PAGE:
When I am laid in earth, may my wrongs create
No trouble in thy breast.
Remember me, but ah! forget my fate.
"Dido's Lament," Dido and Aeneas
Two days later, VHQ time . . .
Entering the infirmary, Bogg saw them sitting together by the window--the two heads, dark and fair, bent over Olivia's Omni.
"The translation unit's got about a ninety-nine point eight per cent accuracy rate," she was explaining. "So, as long as you're in the same time zone as the Omni, you can understand the language wherever you go."
"Wow." Jeffrey shook his head. "I never even guessed. Kind of embarrassing that I went all these places and never wondered why there weren't any problems talking to people!"
"You're not the only one," Olivia reassured him. "After a while, it's easy to take it all for granted, unless your Omni's destroyed or the unit breaks down--which doesn't happen often, I admit. But Voyagers do have to study some foreign languages just in case."
"Really old ones, like Latin and Greek?"
"Sometimes," she replied. "But more often, we study modern ones, like Spanish, Italian, and German."
"Don't forget French," Bogg pointed out as he came up behind them. "The language of diplomacy."
"Bogg, you know French?"
The older Voyager preened at the incredulous note in Jeffrey's voice. "Well, I don't like to brag, but--"
Olivia hooted in derision. "Phineas, you stopped studying French as soon as you learned to say 'Voulez-vous coucher avec moi!'"
Jeffrey's brow furrowed. "What does 'Voulez-vous coucher--'"
Bogg reached down and put his hands over the boy's ears. "Not in front of the kid!" he warned.
Jeffrey tilted his head back and gave his partner a withering look. "If it's something to do with you and women, I can probably guess."
"Guess away," Bogg invited, removing his hands. "But I'm still not gonna tell you!"
Jeffrey rolled his eyes. "Then I'll find a dictionary or something." He turned back to Olivia. "Does the translation unit work the same if there are a whole bunch of languages in the area?"
She nodded. "The unit automatically defaults to the language that's most frequently spoken, but you can adjust the setting to compensate for different dialects or even a multilingual culture."
Jeffrey grinned. "That should come in handy if we ever Omni in on the Tower of Babel!"
"Been there, done that," Bogg informed him. "I'll tell you about it someday. But right now it's time for you for go and get ready. And don't forget to put on a tie!"
"Yeah, I know, I know," Jeffrey sighed. He rose with a martyred air and left the infirmary.
Olivia watched him go, smiling. "You've got a great kid there."
"Thanks, but I'm not sure I can take much credit for it," Bogg replied, sitting down on the edge of the nearest bed. "A lot of what he is comes from his folks, God rest 'em."
"I'd say part of it comes from you too. You can't foster a kid for almost two years and not exert some kind of influence." Her voice gentled. "He feels things very deeply--I could tell that after spending time with him--but he's also resilient. A lot of kids would've been completely crushed by everything he's lived through. I think you've held him together."
Bogg shrugged, trying to hide his pleasure at the compliment and his surprise that she had given it to him in the first place. "Well, he holds me together too--that's how it's supposed to be, with partners. I tell ya, though," he added, "I wouldn't do what I'm about to do for anyone but Jeff: sit in a hard auditorium seat for three hours and listen to a bunch of people sing at me in a foreign language. Without subtitles. The things I do for love--and history!"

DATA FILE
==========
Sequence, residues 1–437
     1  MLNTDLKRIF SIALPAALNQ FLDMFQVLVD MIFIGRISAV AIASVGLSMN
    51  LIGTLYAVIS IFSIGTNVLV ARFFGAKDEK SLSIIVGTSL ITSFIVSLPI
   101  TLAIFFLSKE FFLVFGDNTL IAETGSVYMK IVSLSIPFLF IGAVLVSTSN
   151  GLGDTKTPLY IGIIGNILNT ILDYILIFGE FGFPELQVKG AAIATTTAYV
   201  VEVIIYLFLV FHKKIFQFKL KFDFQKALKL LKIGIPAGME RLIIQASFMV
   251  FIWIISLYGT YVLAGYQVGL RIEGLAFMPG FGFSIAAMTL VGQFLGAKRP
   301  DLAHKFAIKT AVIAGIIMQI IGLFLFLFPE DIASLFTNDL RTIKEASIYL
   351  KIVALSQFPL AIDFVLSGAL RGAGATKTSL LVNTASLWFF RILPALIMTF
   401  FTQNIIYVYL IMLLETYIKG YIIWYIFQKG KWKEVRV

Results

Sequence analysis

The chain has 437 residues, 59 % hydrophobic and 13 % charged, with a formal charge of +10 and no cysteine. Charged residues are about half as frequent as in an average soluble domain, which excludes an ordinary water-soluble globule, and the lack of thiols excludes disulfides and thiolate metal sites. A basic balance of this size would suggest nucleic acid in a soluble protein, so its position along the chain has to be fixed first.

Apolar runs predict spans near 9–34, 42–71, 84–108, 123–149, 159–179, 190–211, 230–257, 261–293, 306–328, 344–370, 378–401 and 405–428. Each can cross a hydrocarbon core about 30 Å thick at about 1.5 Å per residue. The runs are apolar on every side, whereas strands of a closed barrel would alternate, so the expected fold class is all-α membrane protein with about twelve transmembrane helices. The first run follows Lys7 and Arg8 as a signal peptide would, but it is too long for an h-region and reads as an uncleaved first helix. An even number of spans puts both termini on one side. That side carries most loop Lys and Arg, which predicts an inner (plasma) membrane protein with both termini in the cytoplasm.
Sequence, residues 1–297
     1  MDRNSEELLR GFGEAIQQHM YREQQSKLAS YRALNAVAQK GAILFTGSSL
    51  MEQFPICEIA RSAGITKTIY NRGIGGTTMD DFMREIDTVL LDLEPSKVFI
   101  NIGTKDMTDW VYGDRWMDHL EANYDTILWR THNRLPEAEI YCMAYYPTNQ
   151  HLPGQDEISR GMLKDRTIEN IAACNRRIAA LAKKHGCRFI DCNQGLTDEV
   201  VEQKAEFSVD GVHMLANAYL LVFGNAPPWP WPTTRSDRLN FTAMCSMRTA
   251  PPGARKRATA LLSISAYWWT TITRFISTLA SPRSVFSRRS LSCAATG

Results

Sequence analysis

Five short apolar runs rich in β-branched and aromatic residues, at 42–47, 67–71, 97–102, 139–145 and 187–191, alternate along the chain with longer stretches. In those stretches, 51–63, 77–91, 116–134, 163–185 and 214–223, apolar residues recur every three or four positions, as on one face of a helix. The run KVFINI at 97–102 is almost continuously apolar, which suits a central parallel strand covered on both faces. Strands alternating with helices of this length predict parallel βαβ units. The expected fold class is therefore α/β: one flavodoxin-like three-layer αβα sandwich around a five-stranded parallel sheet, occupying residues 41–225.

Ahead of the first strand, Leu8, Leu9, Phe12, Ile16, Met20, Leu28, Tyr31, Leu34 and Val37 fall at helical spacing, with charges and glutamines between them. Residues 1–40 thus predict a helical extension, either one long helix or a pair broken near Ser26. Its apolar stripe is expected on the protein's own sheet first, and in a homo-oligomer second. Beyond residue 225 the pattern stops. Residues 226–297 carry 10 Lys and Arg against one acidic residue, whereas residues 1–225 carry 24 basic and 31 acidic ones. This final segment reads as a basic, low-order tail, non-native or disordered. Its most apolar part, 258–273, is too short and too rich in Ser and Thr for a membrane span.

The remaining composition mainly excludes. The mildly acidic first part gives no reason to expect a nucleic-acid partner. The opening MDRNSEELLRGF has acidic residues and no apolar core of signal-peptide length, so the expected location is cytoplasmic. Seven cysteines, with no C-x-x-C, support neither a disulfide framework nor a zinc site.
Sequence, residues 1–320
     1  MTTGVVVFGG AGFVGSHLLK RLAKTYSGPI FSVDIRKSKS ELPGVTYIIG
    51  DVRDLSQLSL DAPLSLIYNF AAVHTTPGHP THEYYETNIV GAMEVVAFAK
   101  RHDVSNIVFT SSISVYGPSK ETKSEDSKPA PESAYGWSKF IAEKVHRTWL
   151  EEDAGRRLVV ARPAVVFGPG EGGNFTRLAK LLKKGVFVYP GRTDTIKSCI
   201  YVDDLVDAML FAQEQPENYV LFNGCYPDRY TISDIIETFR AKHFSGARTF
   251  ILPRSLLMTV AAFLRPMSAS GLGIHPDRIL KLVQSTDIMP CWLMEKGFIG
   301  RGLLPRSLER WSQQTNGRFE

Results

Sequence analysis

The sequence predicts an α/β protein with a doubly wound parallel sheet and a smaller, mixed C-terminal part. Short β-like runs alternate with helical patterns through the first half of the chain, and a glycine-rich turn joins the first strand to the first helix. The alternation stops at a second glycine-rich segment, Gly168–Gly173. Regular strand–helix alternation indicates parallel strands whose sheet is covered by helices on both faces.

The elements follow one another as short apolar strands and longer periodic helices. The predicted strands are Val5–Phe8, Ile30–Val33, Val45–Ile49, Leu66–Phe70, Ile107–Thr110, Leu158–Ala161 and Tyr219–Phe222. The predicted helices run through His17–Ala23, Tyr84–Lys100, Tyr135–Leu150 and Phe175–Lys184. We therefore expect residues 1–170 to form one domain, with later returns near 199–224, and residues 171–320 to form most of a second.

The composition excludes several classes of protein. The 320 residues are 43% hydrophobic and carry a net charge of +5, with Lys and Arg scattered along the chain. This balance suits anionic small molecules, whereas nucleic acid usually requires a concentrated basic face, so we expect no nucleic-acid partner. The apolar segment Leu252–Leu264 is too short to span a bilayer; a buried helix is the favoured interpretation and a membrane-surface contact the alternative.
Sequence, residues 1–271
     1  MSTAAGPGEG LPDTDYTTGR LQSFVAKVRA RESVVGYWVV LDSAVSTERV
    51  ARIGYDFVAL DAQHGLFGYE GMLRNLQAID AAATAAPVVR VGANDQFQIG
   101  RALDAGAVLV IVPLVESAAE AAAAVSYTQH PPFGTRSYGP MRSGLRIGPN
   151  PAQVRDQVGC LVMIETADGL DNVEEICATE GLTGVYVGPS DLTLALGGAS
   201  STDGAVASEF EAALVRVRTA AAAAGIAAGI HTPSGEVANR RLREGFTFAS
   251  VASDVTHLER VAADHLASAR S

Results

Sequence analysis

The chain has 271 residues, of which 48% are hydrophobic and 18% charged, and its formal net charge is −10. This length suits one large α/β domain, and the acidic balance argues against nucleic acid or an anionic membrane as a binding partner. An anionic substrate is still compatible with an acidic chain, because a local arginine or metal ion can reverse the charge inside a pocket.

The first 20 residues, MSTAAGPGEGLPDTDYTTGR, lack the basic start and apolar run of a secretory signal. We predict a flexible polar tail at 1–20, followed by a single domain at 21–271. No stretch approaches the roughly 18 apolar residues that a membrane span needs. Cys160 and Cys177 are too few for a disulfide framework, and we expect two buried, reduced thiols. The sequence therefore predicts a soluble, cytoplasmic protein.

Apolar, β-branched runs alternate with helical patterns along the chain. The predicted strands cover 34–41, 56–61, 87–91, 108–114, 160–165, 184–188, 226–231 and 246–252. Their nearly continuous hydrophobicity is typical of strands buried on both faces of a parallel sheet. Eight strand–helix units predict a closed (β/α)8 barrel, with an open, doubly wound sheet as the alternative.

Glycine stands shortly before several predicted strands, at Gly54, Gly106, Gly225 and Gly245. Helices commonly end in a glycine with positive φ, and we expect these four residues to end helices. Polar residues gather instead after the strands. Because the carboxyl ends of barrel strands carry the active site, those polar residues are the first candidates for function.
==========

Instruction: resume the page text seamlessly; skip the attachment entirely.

Olivia laughed. "I think I can do something about that." She reached for the silver Omni at his belt and flipped it open. "Watch and learn."
She had just finished adjusting the translation unit to decipher Italian even in a predominantly English-speaking location when Jeffrey reentered the infirmary.
He had donned a navy suit, a little long in the arm but otherwise a decent fit, with a red and navy striped tie, and his dark curls gleamed with combing. He looked, Bogg thought, incredibly grown-up and heartbreakingly young at the same time.
Clearing his throat, he said lightly, "Nice tie, kid."
"Thanks. I even remembered to wash behind my ears too."
Bogg was too relieved by the reemergence of Jeffrey's smart mouth to do anything but roll his eyes. "Like I'm gonna check? C'mon, kid--we don't want to be late for curtain up."
The small theater--located well off Broadway--was called the Rialto, but any resemblance between it and the original was strictly coincidental. Within five years, Bogg knew, it and the other buildings on the block would be torn down to make way for something slightly more upscale.
But for tonight and a few subsequent evenings, it was the venue for a small, local production of Le Nozze di Figaro, with most of the parts being taken by voice students. Including a promising young soprano by the name of Katerina Rossini, who would be playing Susanna, Figaro's bride.
Closing his program, Bogg glanced at Jeffrey, sitting quietly beside him and leafing through his own program. If he felt strange about this evening, about seeing the woman he still felt he had failed somehow, he could only imagine how the boy felt.
But they were supposed to be here. Once the last safeguards around Jeffrey's timeline were in place, Bogg had followed up a hunch he'd had ever since his Voyage to London in 1972. What he had found had given him considerable pause--was it kind or fair to do this to Jeffrey, after everything else he'd been through?--but in the end, he had shared his findings with the boy.
He should have known better than to think Jeffrey would shrink from this. He had paled visibly on hearing the news, but his eyes . . . they had glowed like someone getting a glimpse of heaven.